Looking Back

This month in mid-atlantic thoroughbred history! For Looking Back archives click here.

 Julie Krone, the first (and still only) woman rider to win a Triple Crown race when guiding Colonial Affair to victory in the Belmont Stakes-G1 that June, was also the leading Maryland Million rider. Her eight wins in five years gave her a two-win advantage over Kent Desormeaux. 

A magazine profile on the rider who spent many years plying her trade in the region included an account of her big break in Maryland, first with agent Chick Lang Jr., and then with agent Gerald Delp, who set her up to ride first call for his father, Hall of Fame trainer Bud Delp. The winningest female rider in history, Krone was fast approaching 3,000 wins, had been leading rider at Monmouth and Meadowlands, placed in Breeders’ Cup races, and had been on the cover of Sports Illustrated. Her Maryland Million wins came aboard Countus In, three-time winner of the Ladies; Ms. Gold Pole and Missy White Oak in the Lassie; Safely Kept in the Distaff; Deputation in the Oaks; and Classic winner Master Speaker.

Krone’s 1993 season came to an end on the last day of the Saratoga meet, Aug. 30, when thrown during the running of a race and breaking her ankle. She would compete just once more on a Maryland Million day card, finishing off the board in two starts in 1997. 

 Two of the region’s 1992 classic performers were off to stud. Lil E. Tee, the first Pennsylvania-bred to win the Kentucky Derby-G1, was retired after suffering a hairline fracture of his right sesamoid during a morning gallop at Churchill Downs. Bred and sold as a yearling by Lawrence I. Littman and campaigned by W. Cal Partee, Lil E. Tee retired with a record of 13-7-4-1 and earnings of $1,437,506.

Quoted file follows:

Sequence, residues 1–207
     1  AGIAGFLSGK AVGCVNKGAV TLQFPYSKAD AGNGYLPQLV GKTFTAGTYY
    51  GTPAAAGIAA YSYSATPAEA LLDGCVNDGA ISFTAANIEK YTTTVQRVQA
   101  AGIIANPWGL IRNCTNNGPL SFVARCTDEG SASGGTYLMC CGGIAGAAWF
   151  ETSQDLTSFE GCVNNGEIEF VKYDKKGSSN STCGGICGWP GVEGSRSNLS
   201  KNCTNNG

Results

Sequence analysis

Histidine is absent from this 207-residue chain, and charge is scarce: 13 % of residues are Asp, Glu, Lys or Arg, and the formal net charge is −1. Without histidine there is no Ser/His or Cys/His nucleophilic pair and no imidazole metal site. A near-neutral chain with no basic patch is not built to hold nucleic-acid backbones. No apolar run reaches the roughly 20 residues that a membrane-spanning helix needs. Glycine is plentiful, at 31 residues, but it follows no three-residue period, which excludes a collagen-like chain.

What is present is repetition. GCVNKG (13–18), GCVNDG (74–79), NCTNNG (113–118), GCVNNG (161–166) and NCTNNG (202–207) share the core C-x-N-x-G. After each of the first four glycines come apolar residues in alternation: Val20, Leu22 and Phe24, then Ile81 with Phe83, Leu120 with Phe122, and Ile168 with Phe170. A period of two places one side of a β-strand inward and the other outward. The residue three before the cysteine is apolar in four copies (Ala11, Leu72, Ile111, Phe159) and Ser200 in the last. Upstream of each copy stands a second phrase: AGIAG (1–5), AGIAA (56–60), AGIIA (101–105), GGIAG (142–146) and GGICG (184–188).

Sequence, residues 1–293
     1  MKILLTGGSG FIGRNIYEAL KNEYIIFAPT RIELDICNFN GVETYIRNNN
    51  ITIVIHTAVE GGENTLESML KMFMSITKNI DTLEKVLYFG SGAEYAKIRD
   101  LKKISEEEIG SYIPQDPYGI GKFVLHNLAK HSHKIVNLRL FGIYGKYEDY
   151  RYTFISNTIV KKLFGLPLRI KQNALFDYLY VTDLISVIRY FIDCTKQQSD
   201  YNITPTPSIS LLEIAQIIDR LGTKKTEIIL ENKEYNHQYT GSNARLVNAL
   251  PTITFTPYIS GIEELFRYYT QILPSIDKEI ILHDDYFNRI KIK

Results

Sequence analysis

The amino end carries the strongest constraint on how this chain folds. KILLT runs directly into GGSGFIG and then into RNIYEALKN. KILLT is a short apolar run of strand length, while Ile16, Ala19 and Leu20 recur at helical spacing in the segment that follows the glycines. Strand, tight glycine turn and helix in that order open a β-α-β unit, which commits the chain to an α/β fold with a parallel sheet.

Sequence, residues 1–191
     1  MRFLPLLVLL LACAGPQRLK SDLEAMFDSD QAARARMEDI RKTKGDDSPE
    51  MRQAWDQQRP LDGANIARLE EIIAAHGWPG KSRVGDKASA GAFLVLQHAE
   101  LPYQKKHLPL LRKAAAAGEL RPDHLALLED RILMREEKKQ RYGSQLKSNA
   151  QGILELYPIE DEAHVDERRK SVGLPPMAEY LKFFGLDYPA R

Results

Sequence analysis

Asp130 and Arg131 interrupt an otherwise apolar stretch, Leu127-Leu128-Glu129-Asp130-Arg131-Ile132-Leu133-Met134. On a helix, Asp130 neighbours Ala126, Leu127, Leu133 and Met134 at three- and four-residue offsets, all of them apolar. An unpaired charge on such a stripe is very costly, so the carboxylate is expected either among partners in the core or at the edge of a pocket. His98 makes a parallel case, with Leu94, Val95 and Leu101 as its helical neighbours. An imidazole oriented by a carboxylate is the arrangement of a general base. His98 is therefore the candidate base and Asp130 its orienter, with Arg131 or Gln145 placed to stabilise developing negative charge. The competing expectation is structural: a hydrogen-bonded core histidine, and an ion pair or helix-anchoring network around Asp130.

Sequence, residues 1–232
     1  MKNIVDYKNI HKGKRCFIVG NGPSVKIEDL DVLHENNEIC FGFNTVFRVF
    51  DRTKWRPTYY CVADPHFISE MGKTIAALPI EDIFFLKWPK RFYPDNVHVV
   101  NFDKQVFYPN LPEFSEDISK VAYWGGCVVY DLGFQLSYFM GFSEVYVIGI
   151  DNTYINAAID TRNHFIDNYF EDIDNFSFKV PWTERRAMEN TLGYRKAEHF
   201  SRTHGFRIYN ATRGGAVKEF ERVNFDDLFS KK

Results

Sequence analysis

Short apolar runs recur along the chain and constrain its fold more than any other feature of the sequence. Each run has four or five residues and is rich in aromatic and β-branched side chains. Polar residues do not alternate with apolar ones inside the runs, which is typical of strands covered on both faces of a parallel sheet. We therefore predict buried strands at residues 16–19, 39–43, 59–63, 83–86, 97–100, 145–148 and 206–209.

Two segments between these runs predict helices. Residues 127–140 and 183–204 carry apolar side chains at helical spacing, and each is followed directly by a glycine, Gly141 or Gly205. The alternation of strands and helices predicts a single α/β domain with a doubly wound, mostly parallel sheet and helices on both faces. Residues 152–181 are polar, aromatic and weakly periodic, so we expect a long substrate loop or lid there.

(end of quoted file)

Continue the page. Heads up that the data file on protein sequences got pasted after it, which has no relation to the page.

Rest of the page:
New Jersey-bred Horse of the Year Dance Floor, who finished third behind Lil E. Tee in the Derby, was in the process of being syndicated to stand in New Zealand. The multiple graded stakes winner of $863,299 was bred by William A. Purdey and raced for Oaktown Stables, the nom de course for rap star M.C. Hammer and his family.

 Racing’s 1993 Hall of Fame class included historic runner Cavalcade. Born at F. Wallis Armstrong’s Meadowview Farm in New Jersey, Cavalcade campaigned for Mrs. Isabel Dodge Sloane’s Brookmeade Stable. Trained by Robert A. “Whistling Bob” Smith, he won the 1934 Kentucky Derby and missed the Preakness by a nose. 

 A dozen Mid-Atlantic-breds captured graded stakes from late May through late July, topped by Virginia-bred Belmont Stakes-G1 winner Colonial Affair. The Rokeby Stable of Virginian Paul Mellon was represented by homebred filly You’d Be Surprised in the Grade 1 Top Flight Handicap, and Robert Meyerhoff’s homebred Valley Crossing took the Grade 1 Philip H. Iselin. 

A selection of other notable victories included Maryland-breds Green Darlin, Rhapsodic and Root Boy in the Delaware Handicap-G2, Landaluce Stakes-G2 and Stephen Foster Handicap-G3, respectively; New Jersey-bred Class Mirage in the Grade 2 Prioress; and Virginia-bred Fairy Garden in the Grade 2 Matchmaker.

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Julie Krone and Buddy Raines admire a print of Larry Wheeler’s painting of the Raines-trained Maryland Million Classic winner Master Speaker.


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